How do you get in touch with someone who lives in another country?

+7 votes
80 views
Hello everyone,

previously, I have mentioned that I have had some professional genealogy help to get further in my Irish ancestry research. Since I have already paid for too much genealogy stuff at the moment, I am thinking about mailing a letter to the person who the genealogist mentioned as being an old neighbor in the house where my great-great-great grandfather, Bernard Maye used to live. He is not a relative as far as I know but he is 92 so I do not expect him to have a Facebook account or anything like that. Regardless, I would like to look into this possibility.

Does anybody have any suggestions about what to do? Also, how much would it cost me realistically to send a letter?

Thank you,

Mike
in The Tree House by Michael Hruska G2G6 Mach 5 (50.5k points)

2 Answers

+4 votes
 
Best answer
You can calculate the postage on the USPS web site. The rate varies per ounce. The standard airmail rate for a letter is $1.20 for the first ounce to Ireland.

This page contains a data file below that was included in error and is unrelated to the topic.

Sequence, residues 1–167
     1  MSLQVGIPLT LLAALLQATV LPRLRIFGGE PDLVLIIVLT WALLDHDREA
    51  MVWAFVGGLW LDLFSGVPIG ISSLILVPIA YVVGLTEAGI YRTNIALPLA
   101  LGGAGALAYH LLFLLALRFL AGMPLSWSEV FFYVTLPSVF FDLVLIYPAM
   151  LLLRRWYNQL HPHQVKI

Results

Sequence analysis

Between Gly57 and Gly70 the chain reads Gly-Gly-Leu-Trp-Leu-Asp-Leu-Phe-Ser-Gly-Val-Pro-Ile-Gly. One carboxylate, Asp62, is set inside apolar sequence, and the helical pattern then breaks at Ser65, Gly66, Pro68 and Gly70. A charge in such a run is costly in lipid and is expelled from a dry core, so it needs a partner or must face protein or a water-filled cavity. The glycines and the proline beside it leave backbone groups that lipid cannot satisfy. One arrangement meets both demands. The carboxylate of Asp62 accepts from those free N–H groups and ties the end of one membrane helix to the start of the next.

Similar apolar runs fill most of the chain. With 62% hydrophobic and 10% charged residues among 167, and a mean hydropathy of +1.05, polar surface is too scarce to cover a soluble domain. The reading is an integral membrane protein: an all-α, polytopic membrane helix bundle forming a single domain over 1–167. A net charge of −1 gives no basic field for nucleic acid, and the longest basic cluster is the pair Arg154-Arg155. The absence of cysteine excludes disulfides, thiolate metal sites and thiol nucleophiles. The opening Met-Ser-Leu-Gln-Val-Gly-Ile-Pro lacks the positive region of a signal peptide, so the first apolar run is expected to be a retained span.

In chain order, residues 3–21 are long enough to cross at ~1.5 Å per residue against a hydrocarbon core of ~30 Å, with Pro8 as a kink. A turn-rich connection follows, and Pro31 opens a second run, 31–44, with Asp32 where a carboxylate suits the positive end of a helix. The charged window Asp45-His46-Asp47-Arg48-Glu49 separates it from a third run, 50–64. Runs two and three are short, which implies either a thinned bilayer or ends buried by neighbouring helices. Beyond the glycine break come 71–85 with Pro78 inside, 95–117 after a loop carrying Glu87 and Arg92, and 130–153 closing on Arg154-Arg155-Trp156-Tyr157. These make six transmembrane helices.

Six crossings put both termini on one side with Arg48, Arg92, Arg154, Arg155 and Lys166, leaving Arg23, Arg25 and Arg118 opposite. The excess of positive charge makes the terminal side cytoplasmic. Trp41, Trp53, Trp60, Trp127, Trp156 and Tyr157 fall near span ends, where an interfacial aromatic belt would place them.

A letter would be the best, introducing yourself and asking if he remembers your family.

You used to be able to buy International Reply Post vouchers and I would certainly include one with a self-addressed envelope.
by Rosemary Jones G2G6 Pilot (225k points)
selected by Dale Gatherum-Goss
+3 votes
You can do so much genealogy for free, that paying a professional genealogist is rarely necessary.

Have you searched for your surname on facobook and made friends with people in the same town or with the same surname as your Irish ancestors.? They have have access to information that even a professional genealogist does not. They may know where the old folks are buried and be able to take a picture of the gravestones for you. They will know the local geography and sometimes the local history as well. They may be able to go to the local churches and look any records that aren't already online. This works for me. I have had a lot of success in Ireland because I know what towns my grandparents came from. I now am facebook friends with people who live in thehouses where my grandparents were born. I know many of my second cousins in Ireland this way, and even some of their friends. One of the friends of my second cousin is a local historian who has sent me a lot of info about the area my ancestors are from. So try facebook and also try listservs and groups for the geographical area you are interested in. Works for me!  And don't forget you have over 200,000 genealogists right here on wikitree who may be able to help you for free as well. Best wishes for a successful and inexpensive hunt!
by Sharon Centanne G2G6 Pilot (142k points)

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